So a traditional religionist might say, people with homosexual urges ought to overcome them. But you could just as well say, people with hateful feelings toward others ought to overcome them.

Yes, the sin might be prejudice ... but that presupposes that anti-gay beliefs are prejudiced rather than well-founded. And how do we reach that conclusion? Well, based on a lot of the commentary, you would think that it's a correct conclusion if and only if homosexuality is inborn rather than chosen. So it comes right back to the same problem.

I always remember the line from "A Glass Menagerie," when Tom says something is in his nature. Amanda says (not an exact quote): "Nature is what we were put on earth to rise above."

This might be a great line in The Glass Menagerie (and The African Queen!), but that doesn't mean it sums up a generally accepted belief -- it could just be a striking juxtaposition. The sentiment is certainly out there to be believed if people want to believe it or even consider it, but in practice, it's so much easier to fall back on the old bromide that natural = good.

As for makeup and fancy clothes for women... it's fairly recently that this pattern became so pronounced, and it is not world-wide.

Great point, and I see now that I was too simplistic in my question about aesthetic standards for men vs. women. I should have thought about all those images you always see from centuries past where the men wear flashy clothes and powdered wigs.

Why did Western women and men adopt this extreme and reversed pattern in the 19th and 20th centuries. It could be viewed as part of the emancipation of women (and the reaction to that).

How is it part of the emancipation of women to put a higher burden on women than men to attract the opposite sex?

Ann Althouse said...

"And how do we reach that conclusion? Well, based on a lot of the commentary, you would think that it's a correct conclusion if and only if homosexuality is inborn rather than chosen. So it comes right back to the same problem."

But it's still a response to your point, which was (I think): there's no way to even have a conversation with these people. I think you are conceding that you can. Isn't that a good in itself?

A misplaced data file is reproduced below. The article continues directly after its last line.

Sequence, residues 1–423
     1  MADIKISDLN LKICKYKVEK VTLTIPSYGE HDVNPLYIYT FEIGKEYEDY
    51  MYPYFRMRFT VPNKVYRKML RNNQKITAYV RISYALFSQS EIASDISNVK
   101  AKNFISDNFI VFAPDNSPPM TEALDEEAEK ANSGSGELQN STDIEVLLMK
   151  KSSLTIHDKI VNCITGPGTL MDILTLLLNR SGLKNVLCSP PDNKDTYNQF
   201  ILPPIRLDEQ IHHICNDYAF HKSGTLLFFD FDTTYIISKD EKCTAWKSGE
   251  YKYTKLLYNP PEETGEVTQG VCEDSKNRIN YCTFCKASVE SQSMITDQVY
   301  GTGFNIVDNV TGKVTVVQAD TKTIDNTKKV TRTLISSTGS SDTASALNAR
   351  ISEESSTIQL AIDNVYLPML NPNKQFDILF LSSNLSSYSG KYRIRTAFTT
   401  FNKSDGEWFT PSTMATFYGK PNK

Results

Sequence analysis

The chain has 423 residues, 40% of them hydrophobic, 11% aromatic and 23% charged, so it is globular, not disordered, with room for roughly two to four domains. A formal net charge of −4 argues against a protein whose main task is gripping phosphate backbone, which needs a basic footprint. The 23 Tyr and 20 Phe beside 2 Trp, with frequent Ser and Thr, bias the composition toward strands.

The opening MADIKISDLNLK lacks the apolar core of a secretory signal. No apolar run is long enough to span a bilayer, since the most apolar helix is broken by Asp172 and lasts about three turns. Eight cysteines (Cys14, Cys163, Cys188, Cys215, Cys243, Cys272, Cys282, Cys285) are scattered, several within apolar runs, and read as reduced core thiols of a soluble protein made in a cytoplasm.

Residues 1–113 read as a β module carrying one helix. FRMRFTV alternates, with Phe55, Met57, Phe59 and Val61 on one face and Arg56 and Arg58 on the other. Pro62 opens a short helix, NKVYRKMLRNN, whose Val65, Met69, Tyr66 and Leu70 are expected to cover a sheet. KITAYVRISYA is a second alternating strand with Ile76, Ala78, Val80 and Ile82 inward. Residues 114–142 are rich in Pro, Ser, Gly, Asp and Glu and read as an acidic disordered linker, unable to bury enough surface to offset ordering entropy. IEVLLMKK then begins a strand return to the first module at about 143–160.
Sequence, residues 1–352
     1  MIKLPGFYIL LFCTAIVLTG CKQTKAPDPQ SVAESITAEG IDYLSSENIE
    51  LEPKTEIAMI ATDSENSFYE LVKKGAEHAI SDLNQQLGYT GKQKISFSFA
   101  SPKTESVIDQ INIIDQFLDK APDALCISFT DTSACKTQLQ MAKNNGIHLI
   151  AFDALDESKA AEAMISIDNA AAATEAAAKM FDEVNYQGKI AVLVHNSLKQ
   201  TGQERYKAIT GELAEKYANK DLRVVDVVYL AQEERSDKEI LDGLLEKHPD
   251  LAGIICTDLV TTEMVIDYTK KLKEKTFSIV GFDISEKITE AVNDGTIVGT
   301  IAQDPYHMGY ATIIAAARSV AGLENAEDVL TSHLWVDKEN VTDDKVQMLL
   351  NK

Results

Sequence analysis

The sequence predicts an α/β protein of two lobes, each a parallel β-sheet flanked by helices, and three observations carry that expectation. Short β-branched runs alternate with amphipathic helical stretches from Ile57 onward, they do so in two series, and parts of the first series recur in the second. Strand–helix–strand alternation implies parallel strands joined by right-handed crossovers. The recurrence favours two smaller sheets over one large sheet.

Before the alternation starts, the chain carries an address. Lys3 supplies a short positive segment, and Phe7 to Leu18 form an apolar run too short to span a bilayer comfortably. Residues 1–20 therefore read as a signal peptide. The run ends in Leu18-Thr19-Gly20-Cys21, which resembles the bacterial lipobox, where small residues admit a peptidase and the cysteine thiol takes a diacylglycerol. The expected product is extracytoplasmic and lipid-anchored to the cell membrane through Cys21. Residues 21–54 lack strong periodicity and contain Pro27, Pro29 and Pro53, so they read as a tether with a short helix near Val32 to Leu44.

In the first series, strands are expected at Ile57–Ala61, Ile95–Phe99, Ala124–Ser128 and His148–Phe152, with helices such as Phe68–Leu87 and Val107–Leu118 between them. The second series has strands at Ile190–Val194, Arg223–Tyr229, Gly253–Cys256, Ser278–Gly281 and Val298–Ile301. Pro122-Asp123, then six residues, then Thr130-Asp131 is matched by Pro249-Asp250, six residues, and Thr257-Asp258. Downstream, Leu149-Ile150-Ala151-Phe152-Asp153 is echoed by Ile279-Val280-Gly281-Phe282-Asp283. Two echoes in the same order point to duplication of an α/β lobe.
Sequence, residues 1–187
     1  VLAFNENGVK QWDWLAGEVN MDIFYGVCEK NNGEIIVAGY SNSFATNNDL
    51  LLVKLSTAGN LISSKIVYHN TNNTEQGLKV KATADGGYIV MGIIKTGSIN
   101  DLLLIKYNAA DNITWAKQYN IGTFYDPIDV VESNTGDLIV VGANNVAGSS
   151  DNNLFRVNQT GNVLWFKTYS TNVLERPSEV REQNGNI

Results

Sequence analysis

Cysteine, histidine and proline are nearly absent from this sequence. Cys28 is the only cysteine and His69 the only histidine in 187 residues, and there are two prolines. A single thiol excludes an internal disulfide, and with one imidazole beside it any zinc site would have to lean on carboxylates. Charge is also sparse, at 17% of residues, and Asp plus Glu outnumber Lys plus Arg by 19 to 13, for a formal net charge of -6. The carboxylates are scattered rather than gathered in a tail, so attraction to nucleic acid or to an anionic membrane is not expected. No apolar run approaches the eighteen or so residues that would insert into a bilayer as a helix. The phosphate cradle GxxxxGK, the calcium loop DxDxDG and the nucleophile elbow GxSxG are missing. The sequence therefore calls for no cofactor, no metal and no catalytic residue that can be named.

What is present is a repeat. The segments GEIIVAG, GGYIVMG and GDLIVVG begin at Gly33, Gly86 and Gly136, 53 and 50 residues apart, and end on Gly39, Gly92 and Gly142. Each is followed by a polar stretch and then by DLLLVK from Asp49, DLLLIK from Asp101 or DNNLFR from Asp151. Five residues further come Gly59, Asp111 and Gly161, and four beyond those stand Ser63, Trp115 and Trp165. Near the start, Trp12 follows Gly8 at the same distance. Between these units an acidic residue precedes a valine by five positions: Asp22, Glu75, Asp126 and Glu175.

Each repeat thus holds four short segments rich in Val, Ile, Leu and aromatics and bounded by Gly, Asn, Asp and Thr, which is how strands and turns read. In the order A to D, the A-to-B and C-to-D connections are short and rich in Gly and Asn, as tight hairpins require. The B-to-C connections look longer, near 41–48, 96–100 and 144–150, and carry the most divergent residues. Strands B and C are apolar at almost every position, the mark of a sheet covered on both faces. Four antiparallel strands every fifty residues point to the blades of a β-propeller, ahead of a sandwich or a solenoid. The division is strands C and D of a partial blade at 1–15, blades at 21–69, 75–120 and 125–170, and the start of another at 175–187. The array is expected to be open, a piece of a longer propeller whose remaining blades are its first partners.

"This might be a great line in The Glass Menagerie (and The African Queen!),"

Yeah, am I mixing them up? I'm too tired to look in my copy of TGM right now.

"How is it part of the emancipation of women to put a higher burden on women than men to attract the opposite sex?"

It's a way for the woman to be the sexual aggressor... the passive aggressor.

John Althouse Cohen said...

But it's still a response to your point, which was (I think): there's no way to even have a conversation with these people.

I didn't quite mean to suggest that there's some group of people out there who are so dogmatic that they can't be reasoned with. I just meant that this particular line of argument (that what's good isn't necessarily natural) is sufficiently counterintuitive that it's a bad strategy to bring it up (assuming your goal is to convince as many people as possible). It could be a problem convincing Christians or Buddhists or secularists or anyone. I myself am hardly immune from this fallacy.

"How is it part of the emancipation of women to put a higher burden on women than men to attract the opposite sex?"

It's a way for the woman to be the sexual aggressor... the passive aggressor.


Ahh, good point. But even if so, that's been something of a mixed blessing for women, to say the least!

But wait -- I thought you rejected sex-positive feminism!

John Althouse Cohen said...

But it's still a response to your point, which was (I think): there's no way to even have a conversation with these people. I think you are conceding that you can.

I actually went back and edited a bit of the language in this paragraph (almost a year later) to soften it up (as you can see by noting the discrepancy between your quote and the post itself). Reading the old post of mine, I felt that I wouldn't write it so definitively or judgmentally today.